Increasing Movie Ticket Prices
To conduct an experiment, AMC increased movie ticket prices from $9.00 to $10.00 and measured the change in ticket sales. Using the data over the following month, they have concluded that the increase was profitable. However, over the subsequent months, they changed their minds and discontinued the experiment. How did the timing affect their conclusion about the profitability of increasing prices?
The timing affected the conclusion because the demand curve at the time was showing AMC that the consumer demand was allowing consumers to be willing to pay $10 per movie ticket at the time of the increase. Now over time the demand of going to the movie has decreased. Consumers will buy more if the price is less compared to buying less if the price is higher. So in the instance with AMC they profited from the increase for the first month but consumers stopped attending the theaters based on the higher costs.
Suppose you have a production technology that can be characterized by a learning curve. Every time you increase production by one unit, your cost decreases by $6. The first unit costs you $64 to produce. If you receive a request for proposal (RFP) on a project four units, what is your breakeven price? Suppose that if you get the contract, you estimate that you can win another project for two more units. Now what is you break even price for those two units?
Basically to find the breakeven price for the units we would have to take the initial cost of $64 it takes to produce one unit and subtract $6 from each unit that is produced after the first unit in order to find the breakeven cost. Unit 1: $64, Unit 2: $58, Unit 3: 52, Unit 4: $46 = $220 (total price cost); divide the total cost by 4 units which will equal a breakeven price of $55. We would have to sell each unit for the $55 to breakeven. If we added two more units the cost for unit 5: $40 and unit 6: 34. This would give a total cost of $74. Divide $74/2 = $37 which would be the breakeven price for the additional 2 units.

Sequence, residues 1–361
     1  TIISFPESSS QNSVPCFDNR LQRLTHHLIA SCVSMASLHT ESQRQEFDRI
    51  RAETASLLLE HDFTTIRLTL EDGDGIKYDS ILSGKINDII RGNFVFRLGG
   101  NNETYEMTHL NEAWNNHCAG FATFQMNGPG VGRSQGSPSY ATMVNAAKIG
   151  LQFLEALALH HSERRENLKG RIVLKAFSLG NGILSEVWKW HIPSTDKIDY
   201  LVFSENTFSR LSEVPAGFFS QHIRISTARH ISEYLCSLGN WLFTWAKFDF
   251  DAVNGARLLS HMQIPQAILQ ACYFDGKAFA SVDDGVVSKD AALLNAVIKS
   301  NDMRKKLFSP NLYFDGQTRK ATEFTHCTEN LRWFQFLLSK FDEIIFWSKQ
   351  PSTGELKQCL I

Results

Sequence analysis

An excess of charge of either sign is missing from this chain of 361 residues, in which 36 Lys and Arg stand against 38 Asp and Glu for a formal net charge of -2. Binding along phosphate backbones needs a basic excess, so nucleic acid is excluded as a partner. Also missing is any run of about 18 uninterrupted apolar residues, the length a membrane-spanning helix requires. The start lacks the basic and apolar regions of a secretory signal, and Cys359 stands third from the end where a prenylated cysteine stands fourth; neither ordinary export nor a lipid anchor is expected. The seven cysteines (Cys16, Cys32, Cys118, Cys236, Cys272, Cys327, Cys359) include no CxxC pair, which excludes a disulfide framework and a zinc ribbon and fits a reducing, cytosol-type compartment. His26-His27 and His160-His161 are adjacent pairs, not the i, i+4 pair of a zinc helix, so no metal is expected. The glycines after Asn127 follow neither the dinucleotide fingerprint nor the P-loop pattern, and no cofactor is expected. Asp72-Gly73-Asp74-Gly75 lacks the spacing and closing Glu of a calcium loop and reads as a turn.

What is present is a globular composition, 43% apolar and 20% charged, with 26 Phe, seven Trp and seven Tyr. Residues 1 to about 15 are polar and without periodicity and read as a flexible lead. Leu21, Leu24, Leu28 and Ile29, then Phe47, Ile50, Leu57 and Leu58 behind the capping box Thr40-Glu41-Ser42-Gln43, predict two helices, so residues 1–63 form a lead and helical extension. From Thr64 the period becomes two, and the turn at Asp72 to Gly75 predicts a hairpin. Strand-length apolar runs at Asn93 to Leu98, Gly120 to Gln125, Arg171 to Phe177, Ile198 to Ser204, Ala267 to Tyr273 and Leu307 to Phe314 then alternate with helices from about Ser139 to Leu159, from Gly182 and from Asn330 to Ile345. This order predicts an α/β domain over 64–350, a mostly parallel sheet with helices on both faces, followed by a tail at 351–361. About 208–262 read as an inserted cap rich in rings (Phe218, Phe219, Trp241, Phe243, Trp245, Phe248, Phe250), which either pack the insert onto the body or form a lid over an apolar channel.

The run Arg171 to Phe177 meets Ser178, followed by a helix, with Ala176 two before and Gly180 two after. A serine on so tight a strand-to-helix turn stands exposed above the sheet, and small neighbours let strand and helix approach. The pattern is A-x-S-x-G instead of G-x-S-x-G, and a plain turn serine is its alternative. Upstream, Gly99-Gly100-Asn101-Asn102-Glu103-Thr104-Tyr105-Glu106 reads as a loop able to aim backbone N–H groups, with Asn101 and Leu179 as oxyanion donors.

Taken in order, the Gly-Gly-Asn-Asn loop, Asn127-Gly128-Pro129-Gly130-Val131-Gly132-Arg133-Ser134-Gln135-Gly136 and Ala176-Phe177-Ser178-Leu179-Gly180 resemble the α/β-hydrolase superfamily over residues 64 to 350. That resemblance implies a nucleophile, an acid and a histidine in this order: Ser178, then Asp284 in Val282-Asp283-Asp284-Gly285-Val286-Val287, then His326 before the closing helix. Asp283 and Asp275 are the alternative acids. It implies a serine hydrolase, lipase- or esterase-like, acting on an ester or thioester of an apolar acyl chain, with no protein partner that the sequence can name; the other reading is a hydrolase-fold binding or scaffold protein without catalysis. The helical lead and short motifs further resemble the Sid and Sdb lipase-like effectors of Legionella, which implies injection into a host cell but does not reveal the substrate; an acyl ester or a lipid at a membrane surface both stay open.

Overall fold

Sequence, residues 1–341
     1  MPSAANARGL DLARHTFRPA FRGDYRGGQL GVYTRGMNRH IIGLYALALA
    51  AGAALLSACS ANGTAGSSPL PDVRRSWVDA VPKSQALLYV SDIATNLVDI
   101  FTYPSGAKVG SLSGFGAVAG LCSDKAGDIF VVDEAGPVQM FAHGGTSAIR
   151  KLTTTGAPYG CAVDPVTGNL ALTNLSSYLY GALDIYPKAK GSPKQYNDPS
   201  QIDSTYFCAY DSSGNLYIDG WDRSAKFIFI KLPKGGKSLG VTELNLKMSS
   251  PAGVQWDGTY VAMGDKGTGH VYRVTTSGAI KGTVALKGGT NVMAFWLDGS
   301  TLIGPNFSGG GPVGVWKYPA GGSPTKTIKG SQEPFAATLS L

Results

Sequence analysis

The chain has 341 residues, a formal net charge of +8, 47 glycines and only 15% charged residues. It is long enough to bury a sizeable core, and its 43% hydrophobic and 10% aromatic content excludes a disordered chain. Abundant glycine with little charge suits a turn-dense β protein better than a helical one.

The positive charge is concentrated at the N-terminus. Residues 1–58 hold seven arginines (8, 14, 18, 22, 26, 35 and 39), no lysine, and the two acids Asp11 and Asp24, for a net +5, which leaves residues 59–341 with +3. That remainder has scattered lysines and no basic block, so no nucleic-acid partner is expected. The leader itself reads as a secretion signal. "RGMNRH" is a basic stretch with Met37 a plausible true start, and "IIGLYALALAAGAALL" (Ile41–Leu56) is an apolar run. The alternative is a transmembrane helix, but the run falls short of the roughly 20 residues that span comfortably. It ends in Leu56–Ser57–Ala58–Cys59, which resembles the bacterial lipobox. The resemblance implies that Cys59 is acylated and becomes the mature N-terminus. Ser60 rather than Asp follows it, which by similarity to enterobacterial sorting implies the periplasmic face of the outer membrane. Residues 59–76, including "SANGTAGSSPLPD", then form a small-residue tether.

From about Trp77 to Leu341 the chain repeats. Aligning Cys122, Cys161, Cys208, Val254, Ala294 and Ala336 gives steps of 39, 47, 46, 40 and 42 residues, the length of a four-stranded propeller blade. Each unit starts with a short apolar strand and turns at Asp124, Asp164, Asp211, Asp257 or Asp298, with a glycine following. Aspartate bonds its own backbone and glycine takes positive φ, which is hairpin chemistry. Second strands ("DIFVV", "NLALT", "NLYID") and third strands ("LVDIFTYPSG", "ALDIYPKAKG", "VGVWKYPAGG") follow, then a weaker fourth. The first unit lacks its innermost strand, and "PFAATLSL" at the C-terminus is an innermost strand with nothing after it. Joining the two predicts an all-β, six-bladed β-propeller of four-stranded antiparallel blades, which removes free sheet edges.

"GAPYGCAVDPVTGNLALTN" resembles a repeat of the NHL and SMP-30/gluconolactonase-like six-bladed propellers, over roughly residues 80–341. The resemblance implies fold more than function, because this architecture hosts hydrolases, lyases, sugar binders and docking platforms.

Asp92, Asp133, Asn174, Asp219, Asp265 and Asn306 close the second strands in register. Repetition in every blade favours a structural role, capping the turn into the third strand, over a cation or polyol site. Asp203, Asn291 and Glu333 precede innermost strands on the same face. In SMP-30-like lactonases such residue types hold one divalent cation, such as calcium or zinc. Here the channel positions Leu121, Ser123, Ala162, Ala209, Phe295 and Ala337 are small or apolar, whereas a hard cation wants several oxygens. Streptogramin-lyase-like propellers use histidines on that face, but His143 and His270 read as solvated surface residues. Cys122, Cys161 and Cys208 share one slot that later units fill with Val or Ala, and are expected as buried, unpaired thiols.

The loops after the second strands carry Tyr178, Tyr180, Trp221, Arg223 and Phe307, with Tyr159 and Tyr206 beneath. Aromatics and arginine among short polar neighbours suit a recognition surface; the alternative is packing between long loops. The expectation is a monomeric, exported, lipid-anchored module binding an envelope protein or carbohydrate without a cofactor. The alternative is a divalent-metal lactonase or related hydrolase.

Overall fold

Multiconcept Restaurants are a growing Trend
A multiconcept restaurant incorporates two or more restaurants, typically chains, under one roof. Sharing facilities reduces costs of both real estate and labor. The multiconcept restaurants typically offer a limited menu, compared with full sized, stand alone restaurants. For example, KMAC operates a combination Kentucky Fried Chicken (KFC)/Taco Bell. The food preparation areas are separate, but orders are taken at shared point of sale (POS) stations. If Taco Bell and KFC share facilities, they reduce fixed cost by 30%; however, sales in joint facilities are 20% lower than sales in two separate facilities. What do numbers imply for the decision of when to open a shared facility vs. two separate facilities? The numbers will imply to sharing facilities when it allows the businesses to be able to reduce overhead costs in regards to economic cost or the economies of scope in regards to costs. A business will also use the marginal analysis theory into consideration of when they should take any action that would help in the businesses increasing its profits. So in sharing facilities if both businesses are able to keep costs decreased or continue decreasing over time and sales stay the same or increase, both businesses would profit on switching to a shared facility concept.